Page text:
• Avoiding particular places, people or situations to avoid an OCD thought. The obsessive thought might be about harming someone or fears that people or places are contaminated.
  • Saying out loud (or quietly) specific words in response to other words. The obsessive thought might be to neutralise specific fears.
  • Avoidance of kitchen knives and other such instruments (for example locking them in a drawer). The obsessive thought might be the person fears they will stab a loved one inadvertently.
  • Hoarding. The obsessive thought about discarding something important or harm happening if dangerous items are discarded.*

* Hoarding is included in this list above, and may still be an OCD compulsion where a person hoards, if they do so for clear obvious obsessive reasons. However some aspects of hoarding are no longer considered to be OCD and may be a separate condition altogether. We will look at hoarding in another chapter.

It’s important not to discount compulsions (rituals) if they don’t appear on these lists, remember OCD can latch itself on to absolutely anything, and these are only the most common examples of compulsions.

A compulsion can either be overt (i.e. observable by others), such as checking that a door is locked or covert (an unobservant mental act), such as repeating a specific phrase in the mind.

Overt compulsions typically include checking, washing, hoarding or symmetry of certain motor actions.

Covert compulsions, or ‘cognitive compulsions’, as they are sometimes referred to, are the carrying out of mental actions, as opposed to physical ones. Examples include mental counting, compulsive visualisation and substitution of distressing mental images or ideas with neutralising alternatives. Practical examples would be a sufferer who feels compelled to silently repeat a string of words over and over again upon experiencing a negative or violent thought. Or it could be the need of a sufferer to transpose negative words or images which may intrude into their consciousness with positive ones e.g. feeling compelled to mentally substitute the word ‘hell’ that pops into their head, either as a thought or as a visual image, with the word ‘well’.

Some sufferers will think they only have intrusive thoughts and don’t have compulsions, commonly referred to as ‘Pure O’ by the OCD community. ‘Pure O’ is a form of OCD where people mistakenly believe that it differs from traditional OCD and that it features no outward compulsive manifestations; instead, they mistakenly are led to believe that anxiety-inducing obsessions take place only in the mind.

However, in reality a person with ‘Pure O’ will have compulsions which manifest as unseen mental rituals, as well as physical compulsions such as checking (various types of checking from checking on Google to checking for own body reactions/sensations), seeking reassurance from loved ones or avoidance of particular objects, places or people that trigger their obsessional thoughts. They’re all compulsions (mental or physical) nonetheless, which is why the term ‘Pure O’ is both unhelpful and imprecise. To be clear, ‘Pure O’ is like any other form of OCD, it will involve both obsessions and compulsions.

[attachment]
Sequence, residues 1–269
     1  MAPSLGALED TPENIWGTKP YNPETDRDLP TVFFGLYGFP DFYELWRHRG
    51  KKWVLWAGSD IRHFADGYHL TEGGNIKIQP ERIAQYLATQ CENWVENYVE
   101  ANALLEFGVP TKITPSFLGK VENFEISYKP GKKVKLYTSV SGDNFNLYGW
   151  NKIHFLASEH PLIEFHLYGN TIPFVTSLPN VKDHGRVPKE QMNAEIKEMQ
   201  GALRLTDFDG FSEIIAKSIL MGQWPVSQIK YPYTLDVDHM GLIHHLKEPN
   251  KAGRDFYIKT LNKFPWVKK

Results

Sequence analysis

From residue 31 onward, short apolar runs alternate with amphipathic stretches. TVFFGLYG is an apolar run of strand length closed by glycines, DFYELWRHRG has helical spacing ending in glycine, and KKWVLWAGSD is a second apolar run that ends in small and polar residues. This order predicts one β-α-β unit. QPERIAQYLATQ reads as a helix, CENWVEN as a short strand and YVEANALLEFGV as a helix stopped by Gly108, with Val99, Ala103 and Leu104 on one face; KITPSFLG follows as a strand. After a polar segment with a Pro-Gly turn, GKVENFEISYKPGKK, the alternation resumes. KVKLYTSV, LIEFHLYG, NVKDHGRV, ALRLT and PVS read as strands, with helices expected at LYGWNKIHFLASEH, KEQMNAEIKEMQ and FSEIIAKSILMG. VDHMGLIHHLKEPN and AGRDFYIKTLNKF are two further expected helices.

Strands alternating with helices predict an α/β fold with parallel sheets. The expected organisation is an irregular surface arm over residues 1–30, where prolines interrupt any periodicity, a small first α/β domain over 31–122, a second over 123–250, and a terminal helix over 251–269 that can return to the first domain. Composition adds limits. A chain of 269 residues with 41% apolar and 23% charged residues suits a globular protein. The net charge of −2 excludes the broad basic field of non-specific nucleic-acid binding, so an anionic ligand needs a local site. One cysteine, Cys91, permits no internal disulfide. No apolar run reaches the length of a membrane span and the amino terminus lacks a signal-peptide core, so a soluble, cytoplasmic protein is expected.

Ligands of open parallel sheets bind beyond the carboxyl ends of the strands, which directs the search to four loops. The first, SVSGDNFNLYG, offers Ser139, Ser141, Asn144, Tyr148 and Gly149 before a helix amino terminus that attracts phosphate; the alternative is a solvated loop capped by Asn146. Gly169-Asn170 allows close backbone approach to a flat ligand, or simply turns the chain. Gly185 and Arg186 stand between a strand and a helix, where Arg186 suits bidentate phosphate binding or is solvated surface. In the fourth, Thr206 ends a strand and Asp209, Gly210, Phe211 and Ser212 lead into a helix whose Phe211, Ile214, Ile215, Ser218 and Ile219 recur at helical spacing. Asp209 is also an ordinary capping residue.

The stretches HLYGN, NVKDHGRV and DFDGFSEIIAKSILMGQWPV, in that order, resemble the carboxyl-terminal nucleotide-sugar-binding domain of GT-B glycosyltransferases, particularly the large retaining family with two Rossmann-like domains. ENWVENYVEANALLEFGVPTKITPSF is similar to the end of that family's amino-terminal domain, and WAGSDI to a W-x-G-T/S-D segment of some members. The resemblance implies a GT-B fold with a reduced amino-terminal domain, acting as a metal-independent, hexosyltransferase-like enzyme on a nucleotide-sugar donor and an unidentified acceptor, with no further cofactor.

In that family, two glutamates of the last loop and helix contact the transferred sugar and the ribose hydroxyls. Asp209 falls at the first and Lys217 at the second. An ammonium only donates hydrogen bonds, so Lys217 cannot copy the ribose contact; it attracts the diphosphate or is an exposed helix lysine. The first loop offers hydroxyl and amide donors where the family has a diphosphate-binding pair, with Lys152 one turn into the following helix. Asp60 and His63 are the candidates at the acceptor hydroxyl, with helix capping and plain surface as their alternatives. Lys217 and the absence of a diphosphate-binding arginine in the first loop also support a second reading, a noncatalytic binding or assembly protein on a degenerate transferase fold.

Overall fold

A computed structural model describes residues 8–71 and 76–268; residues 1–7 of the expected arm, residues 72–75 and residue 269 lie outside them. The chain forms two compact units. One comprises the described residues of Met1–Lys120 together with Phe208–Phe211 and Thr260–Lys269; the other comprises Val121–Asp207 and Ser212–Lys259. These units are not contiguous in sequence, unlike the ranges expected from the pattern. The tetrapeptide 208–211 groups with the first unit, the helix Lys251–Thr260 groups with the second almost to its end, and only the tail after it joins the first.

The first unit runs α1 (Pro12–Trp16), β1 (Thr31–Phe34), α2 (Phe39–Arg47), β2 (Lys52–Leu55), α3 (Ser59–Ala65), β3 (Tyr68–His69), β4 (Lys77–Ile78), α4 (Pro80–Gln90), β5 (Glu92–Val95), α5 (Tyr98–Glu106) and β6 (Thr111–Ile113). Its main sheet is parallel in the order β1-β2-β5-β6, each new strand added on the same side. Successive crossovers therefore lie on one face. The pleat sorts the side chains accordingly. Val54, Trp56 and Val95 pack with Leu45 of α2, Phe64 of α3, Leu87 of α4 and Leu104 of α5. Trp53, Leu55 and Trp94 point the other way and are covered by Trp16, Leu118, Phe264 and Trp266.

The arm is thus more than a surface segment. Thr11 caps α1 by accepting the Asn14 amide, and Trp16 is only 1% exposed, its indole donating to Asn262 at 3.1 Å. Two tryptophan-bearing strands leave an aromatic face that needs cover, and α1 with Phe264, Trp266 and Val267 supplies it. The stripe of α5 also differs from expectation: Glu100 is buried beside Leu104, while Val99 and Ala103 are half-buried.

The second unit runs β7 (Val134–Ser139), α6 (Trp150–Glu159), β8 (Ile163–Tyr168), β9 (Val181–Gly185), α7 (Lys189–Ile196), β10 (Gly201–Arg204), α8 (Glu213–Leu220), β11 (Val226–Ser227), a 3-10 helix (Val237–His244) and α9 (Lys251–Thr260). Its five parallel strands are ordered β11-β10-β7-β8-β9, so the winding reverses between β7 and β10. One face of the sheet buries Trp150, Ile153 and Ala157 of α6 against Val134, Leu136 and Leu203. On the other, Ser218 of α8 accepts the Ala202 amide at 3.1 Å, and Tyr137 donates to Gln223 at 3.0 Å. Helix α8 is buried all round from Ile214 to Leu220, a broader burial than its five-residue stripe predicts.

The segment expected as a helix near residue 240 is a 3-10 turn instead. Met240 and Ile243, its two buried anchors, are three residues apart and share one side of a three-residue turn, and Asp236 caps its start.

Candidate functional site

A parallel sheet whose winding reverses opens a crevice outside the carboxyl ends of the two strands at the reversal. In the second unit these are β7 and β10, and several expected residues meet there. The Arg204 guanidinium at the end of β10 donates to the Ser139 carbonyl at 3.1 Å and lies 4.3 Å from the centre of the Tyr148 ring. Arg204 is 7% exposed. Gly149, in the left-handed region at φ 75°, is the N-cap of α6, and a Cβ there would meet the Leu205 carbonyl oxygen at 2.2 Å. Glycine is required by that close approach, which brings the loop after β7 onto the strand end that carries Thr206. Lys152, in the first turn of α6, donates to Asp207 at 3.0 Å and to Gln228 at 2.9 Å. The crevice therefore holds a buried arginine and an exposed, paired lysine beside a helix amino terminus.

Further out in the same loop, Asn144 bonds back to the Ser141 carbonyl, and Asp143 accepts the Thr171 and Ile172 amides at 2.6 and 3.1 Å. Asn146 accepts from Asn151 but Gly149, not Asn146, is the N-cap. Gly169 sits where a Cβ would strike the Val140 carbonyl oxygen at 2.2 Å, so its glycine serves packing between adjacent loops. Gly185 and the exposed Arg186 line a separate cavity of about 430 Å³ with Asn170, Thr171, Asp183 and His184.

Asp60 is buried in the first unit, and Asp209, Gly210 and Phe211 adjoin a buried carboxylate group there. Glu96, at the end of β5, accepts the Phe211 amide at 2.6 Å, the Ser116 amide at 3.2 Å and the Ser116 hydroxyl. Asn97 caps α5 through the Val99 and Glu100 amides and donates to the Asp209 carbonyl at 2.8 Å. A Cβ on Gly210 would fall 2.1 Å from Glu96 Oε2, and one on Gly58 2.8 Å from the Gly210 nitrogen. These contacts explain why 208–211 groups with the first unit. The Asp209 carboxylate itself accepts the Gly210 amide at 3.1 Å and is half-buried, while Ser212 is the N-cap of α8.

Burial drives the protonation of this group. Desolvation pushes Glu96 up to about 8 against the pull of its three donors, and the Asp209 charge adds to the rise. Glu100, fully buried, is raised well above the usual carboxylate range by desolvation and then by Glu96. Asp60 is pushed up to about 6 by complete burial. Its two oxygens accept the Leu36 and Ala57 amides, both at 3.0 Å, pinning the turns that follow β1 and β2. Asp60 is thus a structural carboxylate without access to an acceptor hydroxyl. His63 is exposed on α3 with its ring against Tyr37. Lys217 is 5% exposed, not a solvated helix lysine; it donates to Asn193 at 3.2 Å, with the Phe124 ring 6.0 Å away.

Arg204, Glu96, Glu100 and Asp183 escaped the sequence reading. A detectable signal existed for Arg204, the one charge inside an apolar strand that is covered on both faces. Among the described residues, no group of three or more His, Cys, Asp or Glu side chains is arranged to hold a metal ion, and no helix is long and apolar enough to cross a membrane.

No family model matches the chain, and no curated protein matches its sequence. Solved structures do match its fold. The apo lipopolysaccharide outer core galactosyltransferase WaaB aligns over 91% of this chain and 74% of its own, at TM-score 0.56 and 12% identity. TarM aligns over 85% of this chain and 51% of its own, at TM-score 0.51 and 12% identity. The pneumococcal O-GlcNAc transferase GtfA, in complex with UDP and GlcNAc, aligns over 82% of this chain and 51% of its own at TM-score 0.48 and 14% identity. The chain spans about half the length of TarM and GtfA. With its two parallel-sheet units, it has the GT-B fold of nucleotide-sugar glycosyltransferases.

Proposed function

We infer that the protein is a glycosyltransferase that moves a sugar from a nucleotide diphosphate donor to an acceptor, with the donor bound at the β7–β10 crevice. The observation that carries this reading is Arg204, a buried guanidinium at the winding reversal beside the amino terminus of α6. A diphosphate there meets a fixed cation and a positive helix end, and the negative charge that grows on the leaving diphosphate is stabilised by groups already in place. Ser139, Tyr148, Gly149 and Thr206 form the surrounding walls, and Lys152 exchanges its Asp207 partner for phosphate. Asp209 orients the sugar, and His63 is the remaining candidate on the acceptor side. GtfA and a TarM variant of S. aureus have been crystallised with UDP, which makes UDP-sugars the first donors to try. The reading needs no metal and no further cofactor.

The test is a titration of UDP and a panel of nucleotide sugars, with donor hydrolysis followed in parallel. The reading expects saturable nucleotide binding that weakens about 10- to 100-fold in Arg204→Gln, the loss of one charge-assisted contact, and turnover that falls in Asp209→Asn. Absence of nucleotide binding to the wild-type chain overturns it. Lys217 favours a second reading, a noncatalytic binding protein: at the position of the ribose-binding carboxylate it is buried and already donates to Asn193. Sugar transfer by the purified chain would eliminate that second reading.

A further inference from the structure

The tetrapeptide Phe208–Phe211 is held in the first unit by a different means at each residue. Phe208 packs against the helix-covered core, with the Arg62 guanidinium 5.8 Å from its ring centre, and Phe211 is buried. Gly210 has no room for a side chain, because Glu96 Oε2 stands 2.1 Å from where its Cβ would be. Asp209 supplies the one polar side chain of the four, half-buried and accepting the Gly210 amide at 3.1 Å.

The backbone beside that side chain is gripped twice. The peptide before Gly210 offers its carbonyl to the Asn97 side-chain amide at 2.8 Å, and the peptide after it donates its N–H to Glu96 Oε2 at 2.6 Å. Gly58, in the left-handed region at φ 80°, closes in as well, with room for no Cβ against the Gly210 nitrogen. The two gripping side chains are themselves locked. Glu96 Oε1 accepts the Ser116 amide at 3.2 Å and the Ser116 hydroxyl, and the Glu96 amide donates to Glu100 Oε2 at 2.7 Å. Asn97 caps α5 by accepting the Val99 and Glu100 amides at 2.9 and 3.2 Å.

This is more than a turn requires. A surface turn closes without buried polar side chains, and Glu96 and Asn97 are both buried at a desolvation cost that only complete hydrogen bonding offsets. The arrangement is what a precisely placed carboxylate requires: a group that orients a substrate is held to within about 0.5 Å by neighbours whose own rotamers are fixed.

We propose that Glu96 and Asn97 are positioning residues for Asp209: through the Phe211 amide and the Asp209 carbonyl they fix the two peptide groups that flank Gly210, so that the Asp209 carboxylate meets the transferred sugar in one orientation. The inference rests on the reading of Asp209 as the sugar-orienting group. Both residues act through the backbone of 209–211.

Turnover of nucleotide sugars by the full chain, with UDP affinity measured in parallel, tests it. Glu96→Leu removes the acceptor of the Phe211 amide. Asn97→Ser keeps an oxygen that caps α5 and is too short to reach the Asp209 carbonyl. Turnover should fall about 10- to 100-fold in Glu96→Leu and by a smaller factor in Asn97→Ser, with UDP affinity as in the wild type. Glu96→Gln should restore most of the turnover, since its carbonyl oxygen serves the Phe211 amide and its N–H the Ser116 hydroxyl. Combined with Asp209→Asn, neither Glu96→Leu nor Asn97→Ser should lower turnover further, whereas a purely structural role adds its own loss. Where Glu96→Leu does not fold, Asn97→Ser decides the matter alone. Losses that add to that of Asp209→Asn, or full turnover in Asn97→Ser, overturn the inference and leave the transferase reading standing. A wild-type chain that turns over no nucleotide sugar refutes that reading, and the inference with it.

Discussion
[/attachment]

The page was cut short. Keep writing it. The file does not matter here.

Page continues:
Another key compulsive behaviour, particularly where the sufferer lives with another person is the need to seek constant reassurance. Initially, like any compulsion, when reassurance is received the sufferer will feel an initial sense of relief, but the doubts and uncertainty caused by OCD will return, and the need to seek further reassurance follows.

Common examples of reassurance seeking will be to ask a loved one “did I lock the door?”, “did I upset or offend you?”, “did I turn the taps off?”, “did I hit something when driving?”, “did I touch that child inappropriately?”, “did I wash my hands enough?”, “do you still love me?”. Of course, for the family member it is natural when you love someone to try and relieve their anxiety and anguish by answering such questions, but like any OCD compulsion, if you engage in it once, once is never enough and it reinforces the need to further engage in reassurance seeking behaviour.

Any relief that any of the compulsive behaviours provide is only temporary and short lived, they simply reinforce the original obsession and need to carry out the compulsion, creating a gradual worsening cycle of OCD symptoms. The image below illustrates this point, and offers a very simplistic model of how OCD works and the basic characteristics of OCD. However, the process of how our thoughts (obsessions) and our behaviours (compulsions) are entwined is far more complex, so we look at that in much more detail later in this chapter.

A simplistic illustration of the cycle of OCD.

A simplistic illustration of the cycle of OCD.